Today we like to highlight the Japanese Musk Melon. The musk melon in Japan has been sometimes called ‘the king of fruit’, and is often given as gifts – as is the common custom in the land of the rising sun. The musk melon can probably be seen as related to its more common variety of cantaloupe and honeydew. However, the musk melon is far more sweeter and juicier.
Muskmelon (Cucumis melo) is a member of the Cucurbitaceae family, with a net-like, ribbed crust or peel, and sweet orange flesh. It grows well in moderate subtropical, warm climates and prefers rich, well-drained, fertilized soil. Along with excellent taste, muskmelon also offers essential nutrients and several health benefits though it is often perplexed with other varieties of melons like cantaloupe.
Muskmelon has a sweet, musky taste and high sugar content that lingers on the tongue for long.
Historically, fruit has played a large role in the nation’s gift giving culture. During the fourteenth century, samurais would offer tangerines or melons to the shogun, their leader, as a sign of loyalty and appreciation. Today this attitude still exists; however, arguably the fruit can be seen more as a vessel of appreciation with the tagged value being the greatest symbol, rather than the piece of fruit itself. An expensive piece of fruit may sound ridiculous, but the implied value is where it gets its worth.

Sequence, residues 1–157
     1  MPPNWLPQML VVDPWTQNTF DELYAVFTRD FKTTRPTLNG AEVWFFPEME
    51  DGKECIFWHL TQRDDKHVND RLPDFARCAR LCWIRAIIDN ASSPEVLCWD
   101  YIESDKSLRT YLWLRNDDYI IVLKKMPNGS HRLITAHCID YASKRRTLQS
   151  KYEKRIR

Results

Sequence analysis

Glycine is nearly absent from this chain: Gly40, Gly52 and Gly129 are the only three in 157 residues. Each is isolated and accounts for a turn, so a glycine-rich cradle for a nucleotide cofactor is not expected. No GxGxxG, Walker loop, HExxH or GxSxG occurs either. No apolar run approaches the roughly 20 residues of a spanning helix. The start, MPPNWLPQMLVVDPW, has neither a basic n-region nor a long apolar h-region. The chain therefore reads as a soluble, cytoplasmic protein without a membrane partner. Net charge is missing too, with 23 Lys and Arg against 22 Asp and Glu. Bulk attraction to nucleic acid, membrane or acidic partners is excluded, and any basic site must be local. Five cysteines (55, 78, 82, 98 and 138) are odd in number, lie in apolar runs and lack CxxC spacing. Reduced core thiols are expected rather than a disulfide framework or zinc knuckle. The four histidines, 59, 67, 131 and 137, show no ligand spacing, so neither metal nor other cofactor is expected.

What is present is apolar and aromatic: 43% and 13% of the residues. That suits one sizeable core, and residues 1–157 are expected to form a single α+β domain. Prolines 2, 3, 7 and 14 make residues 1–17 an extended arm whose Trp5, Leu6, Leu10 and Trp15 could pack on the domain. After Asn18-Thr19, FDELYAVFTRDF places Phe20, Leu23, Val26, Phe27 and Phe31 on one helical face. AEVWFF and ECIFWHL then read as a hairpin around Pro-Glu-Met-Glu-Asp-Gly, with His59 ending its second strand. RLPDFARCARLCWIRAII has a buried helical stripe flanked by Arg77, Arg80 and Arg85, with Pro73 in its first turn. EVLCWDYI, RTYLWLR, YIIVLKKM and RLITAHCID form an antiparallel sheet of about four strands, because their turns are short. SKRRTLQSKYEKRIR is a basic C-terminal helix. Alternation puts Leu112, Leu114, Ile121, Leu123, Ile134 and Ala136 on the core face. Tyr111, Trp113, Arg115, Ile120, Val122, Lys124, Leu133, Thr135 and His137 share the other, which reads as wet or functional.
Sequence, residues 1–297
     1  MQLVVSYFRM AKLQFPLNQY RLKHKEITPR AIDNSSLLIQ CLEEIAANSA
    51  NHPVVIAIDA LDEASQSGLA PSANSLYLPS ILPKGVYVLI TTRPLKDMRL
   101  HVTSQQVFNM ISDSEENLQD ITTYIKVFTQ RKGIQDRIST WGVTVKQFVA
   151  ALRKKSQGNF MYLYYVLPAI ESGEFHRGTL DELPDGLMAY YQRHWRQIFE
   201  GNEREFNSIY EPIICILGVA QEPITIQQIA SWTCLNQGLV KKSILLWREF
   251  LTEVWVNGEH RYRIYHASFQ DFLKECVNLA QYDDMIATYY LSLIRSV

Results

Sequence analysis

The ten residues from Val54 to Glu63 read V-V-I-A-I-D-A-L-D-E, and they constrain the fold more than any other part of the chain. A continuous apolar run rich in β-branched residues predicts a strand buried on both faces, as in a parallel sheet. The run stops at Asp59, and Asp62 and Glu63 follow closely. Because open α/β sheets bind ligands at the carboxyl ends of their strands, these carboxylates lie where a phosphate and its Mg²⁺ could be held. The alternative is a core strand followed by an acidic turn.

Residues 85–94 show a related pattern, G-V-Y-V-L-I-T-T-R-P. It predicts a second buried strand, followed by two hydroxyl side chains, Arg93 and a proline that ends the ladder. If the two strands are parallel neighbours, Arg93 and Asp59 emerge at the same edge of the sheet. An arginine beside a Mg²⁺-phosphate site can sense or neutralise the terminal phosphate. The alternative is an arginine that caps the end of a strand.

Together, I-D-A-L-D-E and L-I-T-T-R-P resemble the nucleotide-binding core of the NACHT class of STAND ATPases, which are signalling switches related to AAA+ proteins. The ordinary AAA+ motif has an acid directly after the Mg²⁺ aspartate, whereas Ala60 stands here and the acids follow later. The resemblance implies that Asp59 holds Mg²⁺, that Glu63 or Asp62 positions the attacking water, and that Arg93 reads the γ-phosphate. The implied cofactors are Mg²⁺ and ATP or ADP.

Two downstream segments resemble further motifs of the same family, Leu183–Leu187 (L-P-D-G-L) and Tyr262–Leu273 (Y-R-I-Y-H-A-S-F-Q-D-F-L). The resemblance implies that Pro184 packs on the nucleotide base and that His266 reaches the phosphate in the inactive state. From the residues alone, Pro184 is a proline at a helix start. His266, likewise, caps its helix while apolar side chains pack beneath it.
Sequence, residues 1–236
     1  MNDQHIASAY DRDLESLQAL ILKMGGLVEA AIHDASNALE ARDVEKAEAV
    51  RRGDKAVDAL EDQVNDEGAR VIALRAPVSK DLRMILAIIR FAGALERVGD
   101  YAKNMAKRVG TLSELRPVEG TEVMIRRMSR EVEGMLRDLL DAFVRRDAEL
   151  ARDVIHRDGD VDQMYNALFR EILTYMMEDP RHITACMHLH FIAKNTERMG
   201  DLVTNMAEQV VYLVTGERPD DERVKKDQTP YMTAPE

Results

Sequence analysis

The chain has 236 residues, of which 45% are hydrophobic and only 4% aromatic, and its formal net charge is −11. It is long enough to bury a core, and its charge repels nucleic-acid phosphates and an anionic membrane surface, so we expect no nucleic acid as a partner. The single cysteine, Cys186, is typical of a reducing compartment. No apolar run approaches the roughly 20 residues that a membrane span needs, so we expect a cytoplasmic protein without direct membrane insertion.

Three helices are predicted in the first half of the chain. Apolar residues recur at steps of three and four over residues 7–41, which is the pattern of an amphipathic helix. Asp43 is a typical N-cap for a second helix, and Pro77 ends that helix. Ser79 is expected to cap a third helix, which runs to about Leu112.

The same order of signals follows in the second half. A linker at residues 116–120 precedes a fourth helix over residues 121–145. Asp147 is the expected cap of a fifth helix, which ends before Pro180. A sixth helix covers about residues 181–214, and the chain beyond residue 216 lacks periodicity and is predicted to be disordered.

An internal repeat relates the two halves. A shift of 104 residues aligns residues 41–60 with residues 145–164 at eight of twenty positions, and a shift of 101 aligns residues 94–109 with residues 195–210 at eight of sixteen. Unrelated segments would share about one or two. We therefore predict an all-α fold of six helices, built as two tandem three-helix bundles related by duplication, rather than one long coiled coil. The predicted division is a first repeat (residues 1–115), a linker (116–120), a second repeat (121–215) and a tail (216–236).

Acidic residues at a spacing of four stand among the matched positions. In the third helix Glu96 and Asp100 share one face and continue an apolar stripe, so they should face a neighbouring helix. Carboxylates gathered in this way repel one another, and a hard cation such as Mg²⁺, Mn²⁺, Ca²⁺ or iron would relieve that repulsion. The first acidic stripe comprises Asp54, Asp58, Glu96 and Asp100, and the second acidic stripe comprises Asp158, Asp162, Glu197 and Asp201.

Another reason fruit is so expensive here in Japan is simply because it’s so perfect. Farmers spend their careers dedicated to cultivating the perfect fruits, season after season, tirelessly growing, harvesting inspecting, and altering until they create the perfect specimen.
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